Well, here I am again traveling for work up in the northeast US. They happen to have a lot of beer that we cannot get in South Texas. So once again, my friend and I went to buy some brews to enjoy while on the road. We decided on 2 bottles of Rock Art Brewery's Vermonster Ale and a 6-pk of McSorley's Irish Pale Ale.
First, the McSorley's: Let me give you a little history and you can jump to your own conclusions.
The glasses were better in the Mariott
McSorley's Ale was originally brewed by Fidelio Brewery in Manhattan until Prohibition when they went out of business. McSorley's continued to be brewed illegally (do you blame them?) in the basement of the Alehouse until after Prohibition when Fidelio came back to life. During the 1940s they changed their name to the Greater New York Brewing Company and then promptly went into the hands of Rheingold Brewery who brewed McSorley's for 30 years. Then it was sold to Schmidt's Brewers of Philadelphia and then, in the 1990s, to Pabst Blue Ribbon. reference
Long history aside (150 years worth) the ownership of this beer by PBR was something I didn't look up until after I tasted it. It was bland and forgettable. I don't mean to be a snob but I expect my beers to taste like beer. Malt, hops, and any flavor at all would be nice. This is another example of the macrobrewers tricking us into buying something artificial.
Before I get into Vermonster, a little history:
Last year, Rock Art Brewery in Morrisville, VT released a 10 year anniversary brew called "Vermonster." It is a big 10% ABV, 100 IBU beer and was meant to tie them to their home state of Vermont. Well, Hansen Beverage Company who makes Monster Energy Drinks felt that consumers would be confused by the supposed "similarity" between the names. Considering Rock Art Brewery is one of the small guys (9 people to be exact) versus a huge mega-company, the consensus is that Hansen was going to force them to comply through expensive legal proceedings.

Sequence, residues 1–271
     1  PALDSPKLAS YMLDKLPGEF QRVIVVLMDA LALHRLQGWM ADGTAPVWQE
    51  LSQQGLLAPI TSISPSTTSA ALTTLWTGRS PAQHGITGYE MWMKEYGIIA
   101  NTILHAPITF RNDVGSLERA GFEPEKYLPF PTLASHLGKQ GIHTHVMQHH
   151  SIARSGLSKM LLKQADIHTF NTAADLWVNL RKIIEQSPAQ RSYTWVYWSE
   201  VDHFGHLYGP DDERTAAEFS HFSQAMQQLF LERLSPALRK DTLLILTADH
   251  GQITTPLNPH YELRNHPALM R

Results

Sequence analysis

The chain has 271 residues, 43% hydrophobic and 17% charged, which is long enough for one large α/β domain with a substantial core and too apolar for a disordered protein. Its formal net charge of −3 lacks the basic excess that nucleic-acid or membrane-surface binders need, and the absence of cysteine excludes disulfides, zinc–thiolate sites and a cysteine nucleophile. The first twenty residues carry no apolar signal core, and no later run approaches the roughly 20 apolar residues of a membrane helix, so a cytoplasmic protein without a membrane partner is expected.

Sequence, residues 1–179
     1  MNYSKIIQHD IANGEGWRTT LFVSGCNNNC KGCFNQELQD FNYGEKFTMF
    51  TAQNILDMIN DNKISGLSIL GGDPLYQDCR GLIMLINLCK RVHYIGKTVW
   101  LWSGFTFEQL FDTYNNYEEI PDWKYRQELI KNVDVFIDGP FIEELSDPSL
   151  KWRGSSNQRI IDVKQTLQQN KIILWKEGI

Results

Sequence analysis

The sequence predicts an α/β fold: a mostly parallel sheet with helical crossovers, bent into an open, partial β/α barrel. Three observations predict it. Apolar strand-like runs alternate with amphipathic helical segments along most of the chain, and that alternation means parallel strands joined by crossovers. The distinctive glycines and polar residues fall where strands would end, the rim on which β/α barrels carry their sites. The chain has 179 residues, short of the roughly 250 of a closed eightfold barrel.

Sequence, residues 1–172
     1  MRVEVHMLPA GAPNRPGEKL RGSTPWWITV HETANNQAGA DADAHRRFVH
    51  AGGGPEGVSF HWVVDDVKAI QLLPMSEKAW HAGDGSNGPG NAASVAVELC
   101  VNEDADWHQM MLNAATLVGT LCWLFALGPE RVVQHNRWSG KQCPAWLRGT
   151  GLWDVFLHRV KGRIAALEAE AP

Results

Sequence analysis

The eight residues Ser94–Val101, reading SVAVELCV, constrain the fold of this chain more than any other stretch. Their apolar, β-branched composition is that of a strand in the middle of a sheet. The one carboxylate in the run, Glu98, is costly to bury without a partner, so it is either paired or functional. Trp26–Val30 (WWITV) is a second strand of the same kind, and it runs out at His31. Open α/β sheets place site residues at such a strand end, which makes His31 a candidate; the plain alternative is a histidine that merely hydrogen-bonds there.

Anyway, I won't go into too much detail (beernews.org timeline and beernews.org Rock Art wins if you are interested). After overwhelming online support from people who had never even heard of Rock Art Brewery (including me), Hansen eventually dropped their C&D if Rock Art promised not to get into the energy drink market. Turns out, Monster drinks are distributed by Anheuser-Busch who sued another craft brewer, Dogfish Head, over stupid name conflicts (that time over the names "punkin" and "chicory" in Dogfish beers).
So, there's your history lesson for the day. Here's your beer.
In addition to the smug satisfaction I felt drinking this beer instead of a Bud Light, I also felt something else. It could be the feeling I get when I drink a big beer, or maybe the feeling I get when I try something new, or maybe what I'm feeling is enjoyment!
Vermonster pours heavy and reddish-brown into the glass with a thin head that quickly dissapates into sticky residue that coats as you drink. The aroma is surprisingly mild but I could detect some raisin notes, especially as it warmed. Rock Art recommends a brandy glass or wide mouth wine glass to enjoy this ale to it's fullest.
My first sip warmed my gullet in a pleasant way, a nice nightcap I would say. It started off with a balanced malt sweetness that I would describe as barlywine-like. As it got warmer and I emptied my glass I began to taste a few more things. First, hop bitterness from the 100 IBUs began to break through my palate and leave that wonderful hoppy aftertaste on my tongue. Later, I felt like I was drinking a spiced ale with allspice and/or cinnamon flavors coming through.
Luckily, I had a 22 oz. to drink all by myself!
The Bottom Line: If you happen to visit the Eastern US, The Vermonster is a beer to try and buy. If you make it to Vermont, they do regular tastings and fill growlers for visitors. I would recommend joining their Facebook page to support them and craft brewing in general. I'm looking forward to trying some of their other offerings in the future (Jasmine Pale Ale sounds interesting).
As for McSorley's, pass. Forgettable. Bland. Macro. Bleh.